Dental Health Care and Prevention Programs Save You Money

posted by Dr. James G. Hood
Friday, May 13, 2011

Prevention is cost-effective. Following is an example of how dental health care and prevention programs could have saved one person money.

I just saw a 19-year-old female dental patient with an abscessed tooth.  The sad thing about this story is that I’d seen the same patient 2 years ago and told her then that she had a beautiful set of teeth, but 2 teeth needed fillings.  Since her last visit to my dental office, she has had no dental work done and has not seen any dental professionals, including me.

Sadly, both teeth now need root canals.  This very pretty 19-year-old will have to spend 10 times the amount of the 2 simple fillings from 2 years ago to restore the teeth today.  Or, she will lose both teeth.  Neither of these options would be necessary had she restored these teeth immediately, when first diagnosed. Remember, dentistry only gets more expensive when neglected.  Our office can work out a payment plan that works within your budget.  The economy is tough but it is not a time neglect your teeth.  Prevention and regular maintenance on most things, including teeth, is extremely cost effective.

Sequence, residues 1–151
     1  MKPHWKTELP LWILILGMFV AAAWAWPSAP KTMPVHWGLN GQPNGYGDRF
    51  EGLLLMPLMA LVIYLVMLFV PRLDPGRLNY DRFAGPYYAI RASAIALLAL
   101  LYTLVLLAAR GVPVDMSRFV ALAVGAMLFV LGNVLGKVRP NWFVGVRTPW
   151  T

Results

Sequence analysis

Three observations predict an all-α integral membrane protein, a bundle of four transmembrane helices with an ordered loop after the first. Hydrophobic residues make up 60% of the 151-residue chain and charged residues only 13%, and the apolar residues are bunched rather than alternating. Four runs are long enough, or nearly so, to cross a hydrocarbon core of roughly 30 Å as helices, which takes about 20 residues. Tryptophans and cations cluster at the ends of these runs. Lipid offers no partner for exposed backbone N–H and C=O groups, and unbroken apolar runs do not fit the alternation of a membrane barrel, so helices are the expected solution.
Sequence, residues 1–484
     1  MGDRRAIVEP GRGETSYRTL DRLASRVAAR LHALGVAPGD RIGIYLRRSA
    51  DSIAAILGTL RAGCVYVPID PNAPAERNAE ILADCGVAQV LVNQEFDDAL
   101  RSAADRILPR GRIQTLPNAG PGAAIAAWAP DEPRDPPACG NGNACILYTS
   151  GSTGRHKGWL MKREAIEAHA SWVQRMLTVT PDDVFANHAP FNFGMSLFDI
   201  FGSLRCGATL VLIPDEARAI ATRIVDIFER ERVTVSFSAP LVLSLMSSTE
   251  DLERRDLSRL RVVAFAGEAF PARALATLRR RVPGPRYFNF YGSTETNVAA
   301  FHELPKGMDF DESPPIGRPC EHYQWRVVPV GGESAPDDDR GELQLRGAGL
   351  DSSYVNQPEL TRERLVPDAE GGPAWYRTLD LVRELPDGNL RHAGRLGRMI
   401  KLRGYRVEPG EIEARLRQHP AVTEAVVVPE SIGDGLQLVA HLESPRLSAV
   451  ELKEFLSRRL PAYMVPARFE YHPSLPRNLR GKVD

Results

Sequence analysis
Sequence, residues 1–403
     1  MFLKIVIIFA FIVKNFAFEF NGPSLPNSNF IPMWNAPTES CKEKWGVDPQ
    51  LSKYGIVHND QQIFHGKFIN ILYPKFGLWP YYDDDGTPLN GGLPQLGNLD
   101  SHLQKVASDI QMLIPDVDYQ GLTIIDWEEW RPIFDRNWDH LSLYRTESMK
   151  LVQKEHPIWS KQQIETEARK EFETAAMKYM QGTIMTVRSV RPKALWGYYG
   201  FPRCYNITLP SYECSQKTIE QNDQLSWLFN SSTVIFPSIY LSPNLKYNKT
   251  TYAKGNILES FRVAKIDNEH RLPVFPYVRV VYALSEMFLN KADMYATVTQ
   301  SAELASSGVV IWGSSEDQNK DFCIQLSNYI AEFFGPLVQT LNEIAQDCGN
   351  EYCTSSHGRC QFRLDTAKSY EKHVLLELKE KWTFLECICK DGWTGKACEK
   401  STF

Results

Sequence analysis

Remember, an ounce of prevention is worth a pound of cure. Sealants protect the chewing surfaces of the back teeth, but they don’t take the place of brushing and other steps to prevent decay.  Here are some dental health care tips for you, and if you have children, help them with these as well, to teach them good habits for a lifetime of healthy teeth:

  • Brush and floss daily to remove bacteria and plaque and help keep the gums healthy.
  • See the dentist regularly. Checkups every 6 months help detect any problems early.
  • Get regular fluoride treatments. Along with fluoride toothpaste and fluoridated drinking water, fluoride treatments help protect the smooth surfaces of your child’s teeth from decay.
  • Eat a good diet. You and your child need plenty of protein, whole grains, vegetables, and fruits. Limiting foods that are high in sugar—such as soft drinks, cookies, and sweetened cereals—reduces the risk of tooth decay.

Let me say it again … Dental health care and prevention programs save you money!

Keep brushing and flossing,

Dr. Hood

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